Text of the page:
A back pain support brace is commonly worn to prevent injury or help alleviate the symptoms of a variety of conditions. While there are actual uses for a brace, many patients do not understand the reasons why it is or is not effective for their particular condition. Learning the facts about back braces will help a patient decide if the device is worth using to relieve their painful condition.
In our experience, we find that some less ethical care providers actively sell these types of braces to patients, despite the product having little, if any, verifiable benefits. In order to prevent yourself from wasting time and money on some over-sized and over-priced rubber band, be sure to understand the various types of support braces and how each is utilized effectively.
This discussion helps patients to separate fact from myth when it comes to the most popular varieties of support brace for the back and neck.
A support brace is different than an orthotic brace used for conditions such as scoliosis or other spinal curvatures. Support braces are generally soft and pliable, typically being manufactured of elastic, vinyl and velcro, acting very much like a wide belt worn around the symptomatic area of the back.
Support braces can be used for a variety of reasons such as:
Support braces can limit movement or provide added support while recovering from a back injury or spinal surgery.
Braces can provide reinforced protection for back muscles while performing heavy manual labor.
Support braces can increase direct pressure to multiply the healing effects of heat, ice or topical medications.
It must be said that while support braces can provide some of these benefits, they must be well designed and indicated for the particular condition to be treated. The majority of patients who utilize support braces do so without necessary cause and choose devices which are not even meant to provide the benefit requested.
Support braces should not be used in an attempt to eliminate spinal motion, since their design will not prevent movement within the vertebral joints. A brace will not grant immunity from muscular back pain due to fatigued or overworked muscles.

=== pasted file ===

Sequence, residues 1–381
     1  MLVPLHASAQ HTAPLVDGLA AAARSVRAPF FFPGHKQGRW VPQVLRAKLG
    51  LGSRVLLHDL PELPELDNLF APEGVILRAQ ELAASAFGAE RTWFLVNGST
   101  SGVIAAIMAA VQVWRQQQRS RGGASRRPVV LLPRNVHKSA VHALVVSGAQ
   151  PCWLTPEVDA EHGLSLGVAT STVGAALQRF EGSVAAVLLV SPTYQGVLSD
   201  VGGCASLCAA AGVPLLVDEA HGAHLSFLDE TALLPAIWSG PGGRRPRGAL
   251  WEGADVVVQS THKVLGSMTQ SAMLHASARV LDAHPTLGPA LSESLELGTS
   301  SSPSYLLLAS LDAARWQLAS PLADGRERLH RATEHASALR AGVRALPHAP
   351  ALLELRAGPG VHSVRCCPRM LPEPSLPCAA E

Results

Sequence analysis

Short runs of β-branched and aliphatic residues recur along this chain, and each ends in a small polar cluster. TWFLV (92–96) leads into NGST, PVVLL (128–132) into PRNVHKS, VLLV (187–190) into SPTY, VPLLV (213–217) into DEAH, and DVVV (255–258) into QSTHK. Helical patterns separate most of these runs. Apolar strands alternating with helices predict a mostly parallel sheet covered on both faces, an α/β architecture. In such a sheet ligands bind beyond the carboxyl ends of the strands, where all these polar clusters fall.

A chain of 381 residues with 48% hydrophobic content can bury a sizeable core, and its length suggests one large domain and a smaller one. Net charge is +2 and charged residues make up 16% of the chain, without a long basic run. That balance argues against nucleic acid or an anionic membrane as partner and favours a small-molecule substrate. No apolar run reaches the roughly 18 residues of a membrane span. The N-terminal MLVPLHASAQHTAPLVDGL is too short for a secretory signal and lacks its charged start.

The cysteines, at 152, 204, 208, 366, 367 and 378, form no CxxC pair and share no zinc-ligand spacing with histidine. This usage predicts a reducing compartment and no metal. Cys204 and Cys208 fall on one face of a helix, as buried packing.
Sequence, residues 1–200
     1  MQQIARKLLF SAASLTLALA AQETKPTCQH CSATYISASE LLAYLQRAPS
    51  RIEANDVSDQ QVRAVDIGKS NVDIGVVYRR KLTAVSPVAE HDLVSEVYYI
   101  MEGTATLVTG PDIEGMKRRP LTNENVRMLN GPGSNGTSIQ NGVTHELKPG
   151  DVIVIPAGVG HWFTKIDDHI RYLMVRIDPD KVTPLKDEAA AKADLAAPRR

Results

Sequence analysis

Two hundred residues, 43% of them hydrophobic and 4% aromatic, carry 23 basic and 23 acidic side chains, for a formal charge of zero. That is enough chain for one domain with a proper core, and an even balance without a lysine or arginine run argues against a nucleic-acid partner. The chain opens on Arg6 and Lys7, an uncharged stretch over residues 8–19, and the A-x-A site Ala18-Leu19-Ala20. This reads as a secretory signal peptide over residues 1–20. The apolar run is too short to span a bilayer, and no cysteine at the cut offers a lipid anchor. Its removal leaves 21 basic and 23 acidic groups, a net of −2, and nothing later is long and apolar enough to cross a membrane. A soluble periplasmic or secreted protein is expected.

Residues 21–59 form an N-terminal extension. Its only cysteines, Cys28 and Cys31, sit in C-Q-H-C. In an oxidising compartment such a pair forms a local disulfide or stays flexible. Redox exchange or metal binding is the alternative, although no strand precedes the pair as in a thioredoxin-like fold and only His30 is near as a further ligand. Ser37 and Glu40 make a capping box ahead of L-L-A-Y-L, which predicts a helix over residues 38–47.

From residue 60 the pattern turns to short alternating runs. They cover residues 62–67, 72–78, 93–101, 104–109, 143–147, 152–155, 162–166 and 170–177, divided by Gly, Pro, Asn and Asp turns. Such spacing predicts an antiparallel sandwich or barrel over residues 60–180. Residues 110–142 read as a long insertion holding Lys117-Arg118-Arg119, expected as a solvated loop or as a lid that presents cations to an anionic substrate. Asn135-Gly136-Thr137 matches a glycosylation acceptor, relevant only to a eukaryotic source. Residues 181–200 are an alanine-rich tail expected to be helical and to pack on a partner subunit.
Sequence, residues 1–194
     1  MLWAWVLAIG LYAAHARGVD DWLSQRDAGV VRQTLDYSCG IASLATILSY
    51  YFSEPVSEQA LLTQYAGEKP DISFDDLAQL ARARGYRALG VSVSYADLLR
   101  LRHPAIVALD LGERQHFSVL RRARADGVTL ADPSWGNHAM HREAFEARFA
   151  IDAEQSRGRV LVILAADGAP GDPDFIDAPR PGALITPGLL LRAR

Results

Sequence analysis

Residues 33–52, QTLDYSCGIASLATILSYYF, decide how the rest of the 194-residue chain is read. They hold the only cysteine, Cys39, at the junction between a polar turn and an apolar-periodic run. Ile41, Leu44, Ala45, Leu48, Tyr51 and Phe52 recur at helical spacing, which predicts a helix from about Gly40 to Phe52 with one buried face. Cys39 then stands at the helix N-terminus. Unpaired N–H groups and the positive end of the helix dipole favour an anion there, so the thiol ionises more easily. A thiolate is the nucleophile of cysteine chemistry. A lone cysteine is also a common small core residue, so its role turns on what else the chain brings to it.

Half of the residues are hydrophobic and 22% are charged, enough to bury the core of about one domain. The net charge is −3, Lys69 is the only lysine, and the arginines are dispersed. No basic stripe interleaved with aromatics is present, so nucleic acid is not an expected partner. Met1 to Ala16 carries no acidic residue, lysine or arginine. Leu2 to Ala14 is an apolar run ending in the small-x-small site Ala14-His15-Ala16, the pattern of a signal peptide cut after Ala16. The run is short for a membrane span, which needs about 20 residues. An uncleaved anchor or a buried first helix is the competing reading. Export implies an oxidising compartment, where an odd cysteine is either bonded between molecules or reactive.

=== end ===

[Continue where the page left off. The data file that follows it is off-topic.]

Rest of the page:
A brace will also not support muscles adequately to allow an individual to safely lift very heavy objects beyond their natural abilities.
A brace should not be worn to increase pressure with certain types of irritating topical ointments or creams. A brace should also not be used with extreme heat or ice therapy. A brace should not be worn so tight as to threaten proper circulation.
Do not place too much confidence in a brace. It will assist in protecting your back muscles to some extent, but it will not allow you to do things which would normally be inadvisable. Make sure to speak to your doctor or physical therapist before using any brace for back pain relief.
I used several types of braces throughout my chronic lumbar back pain experience. I thought they might help my condition during martial arts training and other strenuous physical exertions. Some braces were provided to me by a few different doctors and chiropractors.
I tried Velcro, elastic and leather varieties and found them to be mostly annoying, restricting and useless. However, I do know that a brace can work well for some types of back pain, especially as a preventative measure against injury. Finding the correct brace for your condition is a crucial factor if the device has any chance of working for you.
If you are not advised to use a brace for a highly specific reason, do not waste your time. A brace will never cure back pain and the average patient will only benefit from the placebo effect imparted by the support. Instead of finding the correct brace for a chronic treatment resistant back pain syndrome, it is highly advisable to seek out a true cure instead.
Be wary of chiropractors and doctors who recommend a particular type of brace and just happen to have them for sale. In most cases, this is marketing, not medicine, and should be condemned.